[EM] Yes/?/No

Kristofer Munsterhjelm km_elmet at t-online.de
Mon Nov 2 08:14:21 PST 2020

On 02/11/2020 16.32, robert bristow-johnson wrote:
>> On 11/02/2020 5:00 AM Kristofer Munsterhjelm <km_elmet at t-online.de> wrote:
>> On 01/11/2020 02.34, robert bristow-johnson wrote:
>>>> On 10/31/2020 9:03 PM Forest Simmons <fsimmons at pcc.edu> wrote:
>>>> Approval is one of the easiest election methods to explain and to
>>>> understand; the ballots are identical to traditional FPP ballots except
>>>> the instructions now say to mark the names of all of the candidates that
>>>> you like instead of only one of them. As before the winner is the
>>>> candidate with the greatest number of likes.
>>>> But what about the candidates that you just like a little bit? Do
>>>> you include them or not? Where do you draw the line between like and not like?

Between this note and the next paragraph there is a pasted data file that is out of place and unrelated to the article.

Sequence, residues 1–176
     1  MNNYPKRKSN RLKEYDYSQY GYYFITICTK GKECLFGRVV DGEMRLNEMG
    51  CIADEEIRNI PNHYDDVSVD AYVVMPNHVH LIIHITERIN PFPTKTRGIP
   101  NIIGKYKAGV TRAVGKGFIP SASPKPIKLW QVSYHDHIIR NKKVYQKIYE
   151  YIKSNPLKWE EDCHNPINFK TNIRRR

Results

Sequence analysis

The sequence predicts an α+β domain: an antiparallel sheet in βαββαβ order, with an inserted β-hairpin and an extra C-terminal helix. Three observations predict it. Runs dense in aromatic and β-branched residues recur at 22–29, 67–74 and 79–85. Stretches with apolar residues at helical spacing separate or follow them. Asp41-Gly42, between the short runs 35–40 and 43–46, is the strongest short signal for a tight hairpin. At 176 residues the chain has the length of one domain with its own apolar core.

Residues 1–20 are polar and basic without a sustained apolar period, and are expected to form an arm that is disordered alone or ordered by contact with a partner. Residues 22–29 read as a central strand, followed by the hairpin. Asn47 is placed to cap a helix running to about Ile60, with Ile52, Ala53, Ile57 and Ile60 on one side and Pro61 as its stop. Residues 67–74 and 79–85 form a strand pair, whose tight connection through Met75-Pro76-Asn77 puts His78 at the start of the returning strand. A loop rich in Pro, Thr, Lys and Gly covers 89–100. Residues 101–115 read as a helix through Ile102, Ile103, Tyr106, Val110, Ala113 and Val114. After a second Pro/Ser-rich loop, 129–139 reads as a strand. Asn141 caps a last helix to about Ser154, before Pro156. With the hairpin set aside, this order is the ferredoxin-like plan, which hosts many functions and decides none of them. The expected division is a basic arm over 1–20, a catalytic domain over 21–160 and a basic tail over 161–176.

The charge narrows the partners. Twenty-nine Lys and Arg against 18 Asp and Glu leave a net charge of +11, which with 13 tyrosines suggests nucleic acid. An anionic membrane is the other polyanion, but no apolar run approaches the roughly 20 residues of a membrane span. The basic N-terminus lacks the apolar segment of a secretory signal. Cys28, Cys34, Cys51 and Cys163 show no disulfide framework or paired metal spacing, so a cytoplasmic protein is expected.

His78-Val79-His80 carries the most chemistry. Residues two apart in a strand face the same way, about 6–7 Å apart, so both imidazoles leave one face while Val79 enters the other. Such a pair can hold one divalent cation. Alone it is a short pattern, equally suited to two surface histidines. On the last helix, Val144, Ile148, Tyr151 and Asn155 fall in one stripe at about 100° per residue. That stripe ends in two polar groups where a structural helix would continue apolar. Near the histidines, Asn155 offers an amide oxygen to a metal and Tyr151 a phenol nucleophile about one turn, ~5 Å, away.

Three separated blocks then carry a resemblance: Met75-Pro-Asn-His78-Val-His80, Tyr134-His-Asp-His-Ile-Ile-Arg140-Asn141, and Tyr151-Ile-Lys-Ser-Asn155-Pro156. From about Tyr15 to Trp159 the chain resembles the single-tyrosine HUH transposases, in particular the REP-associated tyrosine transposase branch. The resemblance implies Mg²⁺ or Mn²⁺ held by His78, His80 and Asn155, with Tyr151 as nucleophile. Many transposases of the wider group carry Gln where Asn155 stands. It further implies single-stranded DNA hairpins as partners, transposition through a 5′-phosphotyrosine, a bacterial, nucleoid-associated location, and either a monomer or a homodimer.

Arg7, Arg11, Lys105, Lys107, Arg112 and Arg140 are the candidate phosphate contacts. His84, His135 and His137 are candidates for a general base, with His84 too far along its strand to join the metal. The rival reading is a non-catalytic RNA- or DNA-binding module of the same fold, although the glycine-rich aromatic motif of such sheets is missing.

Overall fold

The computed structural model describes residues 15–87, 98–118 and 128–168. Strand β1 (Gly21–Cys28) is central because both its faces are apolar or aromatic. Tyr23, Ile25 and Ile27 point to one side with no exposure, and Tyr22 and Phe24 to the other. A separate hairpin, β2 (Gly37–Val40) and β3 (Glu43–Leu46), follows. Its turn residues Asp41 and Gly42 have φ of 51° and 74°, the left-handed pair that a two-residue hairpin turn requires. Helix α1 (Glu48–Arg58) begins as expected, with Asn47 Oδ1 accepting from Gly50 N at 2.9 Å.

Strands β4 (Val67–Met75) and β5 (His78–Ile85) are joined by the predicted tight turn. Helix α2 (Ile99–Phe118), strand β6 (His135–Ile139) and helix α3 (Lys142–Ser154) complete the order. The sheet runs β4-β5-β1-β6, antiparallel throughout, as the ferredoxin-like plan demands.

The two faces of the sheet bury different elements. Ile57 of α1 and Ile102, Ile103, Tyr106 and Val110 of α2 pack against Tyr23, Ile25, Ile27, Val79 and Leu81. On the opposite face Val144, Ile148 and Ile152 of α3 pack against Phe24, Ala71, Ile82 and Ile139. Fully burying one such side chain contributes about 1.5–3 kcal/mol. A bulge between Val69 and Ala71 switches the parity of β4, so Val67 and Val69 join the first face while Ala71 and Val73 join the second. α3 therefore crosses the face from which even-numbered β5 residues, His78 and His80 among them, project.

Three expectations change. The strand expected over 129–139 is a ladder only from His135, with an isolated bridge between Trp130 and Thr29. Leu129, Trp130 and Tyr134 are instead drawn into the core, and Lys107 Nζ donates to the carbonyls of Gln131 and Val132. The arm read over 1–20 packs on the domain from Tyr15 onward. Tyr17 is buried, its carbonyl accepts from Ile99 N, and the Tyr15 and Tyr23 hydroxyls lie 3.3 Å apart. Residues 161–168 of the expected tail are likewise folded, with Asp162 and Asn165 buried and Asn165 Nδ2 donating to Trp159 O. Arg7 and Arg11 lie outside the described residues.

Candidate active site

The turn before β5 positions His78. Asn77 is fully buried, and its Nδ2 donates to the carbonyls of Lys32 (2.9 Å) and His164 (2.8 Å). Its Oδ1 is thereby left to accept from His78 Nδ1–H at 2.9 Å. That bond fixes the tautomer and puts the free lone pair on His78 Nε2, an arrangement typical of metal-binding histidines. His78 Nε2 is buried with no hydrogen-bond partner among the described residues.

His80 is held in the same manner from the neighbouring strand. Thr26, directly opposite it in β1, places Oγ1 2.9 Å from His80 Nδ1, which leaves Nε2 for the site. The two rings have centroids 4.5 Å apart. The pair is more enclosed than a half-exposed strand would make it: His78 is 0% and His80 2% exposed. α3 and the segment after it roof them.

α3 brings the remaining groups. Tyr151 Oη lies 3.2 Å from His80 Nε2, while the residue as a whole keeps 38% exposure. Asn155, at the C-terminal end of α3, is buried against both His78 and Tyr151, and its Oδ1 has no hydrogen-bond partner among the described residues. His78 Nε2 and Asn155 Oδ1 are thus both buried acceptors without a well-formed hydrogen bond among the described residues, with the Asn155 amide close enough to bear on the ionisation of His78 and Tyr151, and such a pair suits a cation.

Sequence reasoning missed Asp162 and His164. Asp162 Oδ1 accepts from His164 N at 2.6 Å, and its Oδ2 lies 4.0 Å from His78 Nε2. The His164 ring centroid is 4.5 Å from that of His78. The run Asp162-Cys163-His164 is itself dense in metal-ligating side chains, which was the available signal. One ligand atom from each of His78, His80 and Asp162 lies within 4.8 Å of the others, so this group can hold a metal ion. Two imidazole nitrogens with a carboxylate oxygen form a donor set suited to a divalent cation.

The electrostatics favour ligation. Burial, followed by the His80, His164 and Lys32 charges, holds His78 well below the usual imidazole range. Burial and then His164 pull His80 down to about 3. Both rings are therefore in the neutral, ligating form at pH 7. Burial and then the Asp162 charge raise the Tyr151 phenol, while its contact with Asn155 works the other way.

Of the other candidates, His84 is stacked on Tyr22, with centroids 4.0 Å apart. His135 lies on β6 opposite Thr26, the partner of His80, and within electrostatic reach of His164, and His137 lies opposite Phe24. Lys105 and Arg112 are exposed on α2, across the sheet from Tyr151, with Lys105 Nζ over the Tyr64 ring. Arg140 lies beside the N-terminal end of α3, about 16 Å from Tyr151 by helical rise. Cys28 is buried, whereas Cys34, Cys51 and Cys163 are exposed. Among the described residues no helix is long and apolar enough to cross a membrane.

>>> i've been trying for a couple years to get the Election Science
>>> people to answer that simple question.  should a voter approve of their second
>>> choice or not?  there is no simple answer and the voter is burdened with
>>> the task of tactical voting.
>> The simple answer is that any ranked method has to decide the answer to
>> some pretty tough elections. (Burlington being one of them.) Approval
>> abdicates the responsibility to get them right, and places it on the
>> voters instead.
> that's not an answer (simple or not) to my question.  the question
> is simply this: in Fargo North Dakota (which, BTW, is 30 km from where i
> grew up in the '50s, '60s, and '70s) where they have adopted Approval
> Voting (as best as i can tell, it's the only U.S. jurisdiction to do
> so), in an election with 3 or more candidates, should the voter Approve
> their second-preferred candidate?

True. I should have been more clear: it is not an answer to your
question of when to approve, but it answers why it is the case that
"there is no simple answer and the voter is burdened with the task of
tactical voting".

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